May 15, 2020
The COVID-19 pandemic has touched everyone’s lives, changing the way we all live, work, and interact with each other. Its effects will be profound and long-lasting, which means that JDRF needs to understand and respond to its impact on both the type 1 diabetes (T1D) community and the research that still needs to happen. Knowing that many research institutes are closed or have temporarily diverted staff or resources to the COVID-19 pandemic, we are now asking the question: What does this mean for T1D research?
JDRF is working hard to navigate through the challenges of the current environment and to ensure that T1D research can continue in a way that prioritises the safety of researchers and research participants. With our unwavering commitment to finding better treatments and cures for T1D, critical research continues to be driven by JDRF-funded researchers in Canada and around the world.
“We realize those living with T1D don’t get a break,” says Dr. Tim Kieffer, Professor in the Departments of Cellular & Physiological Sciences and Surgery at the University of British Columbia in Vancouver, “and we remain committed to our research and finding creative ways to remain productive as we strive to contribute to the development of novel therapies, and ultimately a cure.”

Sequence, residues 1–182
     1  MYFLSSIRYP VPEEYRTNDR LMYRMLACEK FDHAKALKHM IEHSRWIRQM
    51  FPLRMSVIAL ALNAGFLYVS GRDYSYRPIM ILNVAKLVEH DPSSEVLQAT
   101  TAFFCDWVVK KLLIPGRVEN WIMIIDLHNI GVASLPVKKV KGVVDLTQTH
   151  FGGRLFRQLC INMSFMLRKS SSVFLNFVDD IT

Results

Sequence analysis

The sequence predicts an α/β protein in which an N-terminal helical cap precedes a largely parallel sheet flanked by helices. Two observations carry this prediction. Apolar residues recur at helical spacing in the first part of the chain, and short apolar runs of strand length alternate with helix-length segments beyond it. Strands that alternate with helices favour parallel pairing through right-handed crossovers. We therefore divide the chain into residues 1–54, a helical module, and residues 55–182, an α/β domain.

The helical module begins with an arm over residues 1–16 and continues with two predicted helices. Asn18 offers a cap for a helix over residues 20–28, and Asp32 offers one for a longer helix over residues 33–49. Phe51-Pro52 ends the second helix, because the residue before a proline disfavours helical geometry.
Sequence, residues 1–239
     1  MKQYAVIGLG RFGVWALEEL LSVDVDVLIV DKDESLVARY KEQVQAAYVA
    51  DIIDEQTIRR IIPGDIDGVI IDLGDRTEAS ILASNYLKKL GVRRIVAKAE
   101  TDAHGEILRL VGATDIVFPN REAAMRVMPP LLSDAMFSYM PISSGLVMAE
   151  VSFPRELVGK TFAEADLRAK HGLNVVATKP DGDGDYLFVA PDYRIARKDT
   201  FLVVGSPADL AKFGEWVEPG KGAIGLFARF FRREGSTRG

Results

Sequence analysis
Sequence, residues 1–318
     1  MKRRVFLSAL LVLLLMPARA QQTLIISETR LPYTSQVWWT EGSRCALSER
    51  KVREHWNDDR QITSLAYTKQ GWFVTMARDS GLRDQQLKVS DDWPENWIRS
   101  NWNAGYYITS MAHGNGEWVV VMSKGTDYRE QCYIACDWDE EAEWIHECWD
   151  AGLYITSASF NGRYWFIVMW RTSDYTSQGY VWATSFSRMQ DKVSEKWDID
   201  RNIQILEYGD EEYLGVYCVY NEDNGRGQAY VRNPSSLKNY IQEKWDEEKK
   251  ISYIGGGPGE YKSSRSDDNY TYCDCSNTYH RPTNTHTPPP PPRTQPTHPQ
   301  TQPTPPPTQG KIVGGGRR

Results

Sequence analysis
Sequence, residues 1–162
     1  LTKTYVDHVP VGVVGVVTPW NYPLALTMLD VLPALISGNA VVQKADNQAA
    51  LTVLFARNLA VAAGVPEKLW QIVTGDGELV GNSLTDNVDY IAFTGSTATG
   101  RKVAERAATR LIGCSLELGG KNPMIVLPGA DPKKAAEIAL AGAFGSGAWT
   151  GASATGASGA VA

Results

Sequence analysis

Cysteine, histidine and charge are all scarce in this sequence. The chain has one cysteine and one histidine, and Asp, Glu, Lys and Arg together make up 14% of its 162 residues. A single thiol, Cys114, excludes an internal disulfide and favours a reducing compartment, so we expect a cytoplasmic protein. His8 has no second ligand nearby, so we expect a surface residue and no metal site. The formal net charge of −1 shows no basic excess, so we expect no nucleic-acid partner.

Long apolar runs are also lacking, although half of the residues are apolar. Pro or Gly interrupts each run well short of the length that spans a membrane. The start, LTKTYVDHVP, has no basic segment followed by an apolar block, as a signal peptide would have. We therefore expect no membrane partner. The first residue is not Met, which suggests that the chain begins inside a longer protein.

Several members of Dr. Kieffer’s team have received exemptions to continue to work in the lab on long-term, critical projects that have already involved substantial investment. These team members are often working in the lab alone, using new procedures to ensure their safety. For other team members who are working from home, efforts have shifted to analysis of data, writing papers and grants, planning new projects, and exploring ways to increase our lab’s efficiency.
It is unprecedented for world-class research facilities to have to limit activity to this extent – but there are some silver linings to the forced slow-down. “In my case, this has also been a great opportunity to re-assess the lab’s many projects, seek new ways to further innovate our approaches, recruit additional team members, and reach out to collaborators around the world, who while experiencing similar situations, are available to strategize and assist us in attaining our goals,” says Dr. Kieffer.
Most clinical research sites are requesting that clinical trial enrolment is paused during the COVID-19 pandemic – but clinical trials already in progress can continue, using virtual approaches to interact with patients wherever possible. Dr. Bruce Perkins, Professor of Medicine at the University of Toronto, is about halfway through an exciting clinical trial that is testing an oral medication called empagliflozin in people with T1D who are also taking insulin via an artificial pancreas system, with the aim of improving blood glucose control and making disease management easier. During the COVID-19 outbreak, Dr. Perkins and his team will continue to monitor patients on treatment through virtual visits, including advising them on troubleshooting issues with their artificial pancreas system.